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HC+T Update

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  • Jim Rink
    From: Holtz Communication + Technology Subject: HC+T Update July 2001 In This Issue: 1. Not Enough
    Message 1 of 15 , Jul 31, 2001
    • 0 Attachment
      From: Holtz Communication + Technology
      Subject: HC+T Update

      July 2001

      <><><><><><><><><><><><><><><><><><><><><><><><><><><><>
      In This Issue:

      1. Not Enough Bandwidth To Stream Intranet Video?
      Here's An Alternative
      2. Adapting Viral Marketing To Public Relations
      3. Email: It's Still The Killer App
      4. Net Warriors Flex Their Muscles:
      Another Lesson On Online Organizing
      5. Increased Use Of Internet From The Office
      Argues For More Open Access
      6. HTML vs. ASCII For Email Newsletters:
      Wireless Explosion Settles The Issue
      7. HC+T Update
      8. Boilerplate And Subscription Information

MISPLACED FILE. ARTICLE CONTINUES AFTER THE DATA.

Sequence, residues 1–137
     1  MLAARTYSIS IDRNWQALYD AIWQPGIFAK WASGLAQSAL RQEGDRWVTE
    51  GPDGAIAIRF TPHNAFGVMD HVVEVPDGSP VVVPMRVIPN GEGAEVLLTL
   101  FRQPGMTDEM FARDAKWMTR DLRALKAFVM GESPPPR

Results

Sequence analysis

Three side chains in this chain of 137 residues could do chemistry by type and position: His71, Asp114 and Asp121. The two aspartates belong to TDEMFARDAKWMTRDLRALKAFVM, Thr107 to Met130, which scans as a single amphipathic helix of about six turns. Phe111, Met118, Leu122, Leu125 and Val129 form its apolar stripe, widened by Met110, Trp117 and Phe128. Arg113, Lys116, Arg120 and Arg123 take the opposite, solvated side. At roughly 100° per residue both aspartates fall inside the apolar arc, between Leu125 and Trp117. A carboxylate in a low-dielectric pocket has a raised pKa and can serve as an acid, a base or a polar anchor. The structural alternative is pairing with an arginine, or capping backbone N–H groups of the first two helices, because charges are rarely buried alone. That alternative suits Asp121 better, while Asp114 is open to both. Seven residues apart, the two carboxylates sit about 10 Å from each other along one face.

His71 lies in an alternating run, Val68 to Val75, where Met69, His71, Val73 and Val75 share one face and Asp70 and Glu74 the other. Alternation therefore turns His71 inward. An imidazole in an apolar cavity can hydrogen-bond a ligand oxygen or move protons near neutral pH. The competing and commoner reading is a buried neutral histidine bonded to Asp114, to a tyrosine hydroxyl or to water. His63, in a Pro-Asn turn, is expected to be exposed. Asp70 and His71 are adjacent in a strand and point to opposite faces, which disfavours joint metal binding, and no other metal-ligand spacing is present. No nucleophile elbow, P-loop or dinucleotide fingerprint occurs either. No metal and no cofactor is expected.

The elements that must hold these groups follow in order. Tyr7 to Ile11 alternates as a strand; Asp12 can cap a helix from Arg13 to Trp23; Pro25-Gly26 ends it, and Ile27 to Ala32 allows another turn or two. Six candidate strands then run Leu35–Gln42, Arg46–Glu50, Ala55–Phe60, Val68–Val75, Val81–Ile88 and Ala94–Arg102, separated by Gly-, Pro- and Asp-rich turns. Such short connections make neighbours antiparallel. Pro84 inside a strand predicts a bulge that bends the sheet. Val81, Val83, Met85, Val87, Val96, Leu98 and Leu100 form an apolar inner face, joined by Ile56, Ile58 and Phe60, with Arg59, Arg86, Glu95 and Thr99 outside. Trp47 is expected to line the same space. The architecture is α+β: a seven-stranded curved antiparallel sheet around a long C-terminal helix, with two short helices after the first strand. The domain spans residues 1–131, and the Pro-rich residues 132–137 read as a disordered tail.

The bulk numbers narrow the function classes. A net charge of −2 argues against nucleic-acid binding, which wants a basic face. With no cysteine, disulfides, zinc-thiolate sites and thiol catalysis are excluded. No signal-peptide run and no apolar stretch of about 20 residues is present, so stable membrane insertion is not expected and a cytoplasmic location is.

<><><><><><><><><><><><><><><><><><><><><><><><><><><><>

      *************************************************
      1. NOT ENOUGH BANDWIDTH TO STREAM INTRANET VIDEO?
      HERE'S AN ALTERNATIVE
      *************************************************

      There's hardly an intranet communicator around who doesn't
      want to stream video to employees. When the IT department
      nixes the idea -- not enough bandwidth, they assert -- the
      communicators shake their heads and lament the fact that
      the intranet is still not taking full advantage of the
      web's increasingly multimedia capabilities.

      There is a middle ground between streaming video and no video
      at all, and General Mills has found it. On the venerable
      food products company's intranet, employees can tap into
      Champions TV, a site that broadcasts a steady flow of video
      to employees who want to watch.

      The difference between streaming and webcasting is technical.
      With streaming media, the user decides what to watch and when